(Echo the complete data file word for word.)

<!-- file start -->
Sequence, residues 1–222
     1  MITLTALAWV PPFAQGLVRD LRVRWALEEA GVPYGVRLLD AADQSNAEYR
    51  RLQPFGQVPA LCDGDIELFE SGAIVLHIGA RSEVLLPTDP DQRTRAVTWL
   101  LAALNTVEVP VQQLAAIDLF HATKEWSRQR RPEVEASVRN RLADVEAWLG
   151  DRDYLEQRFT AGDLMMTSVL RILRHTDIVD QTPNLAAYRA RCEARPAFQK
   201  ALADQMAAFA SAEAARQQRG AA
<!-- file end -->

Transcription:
Sequence, residues 1–222
     1  MITLTALAWV PPFAQGLVRD LRVRWALEEA GVPYGVRLLD AADQSNAEYR
    51  RLQPFGQVPA LCDGDIELFE SGAIVLHIGA RSEVLLPTDP DQRTRAVTWL
   101  LAALNTVEVP VQQLAAIDLF HATKEWSRQR RPEVEASVRN RLADVEAWLG
   151  DRDYLEQRFT AGDLMMTSVL RILRHTDIVD QTPNLAAYRA RCEARPAFQK
   201  ALADQMAAFA SAEAARQQRG AA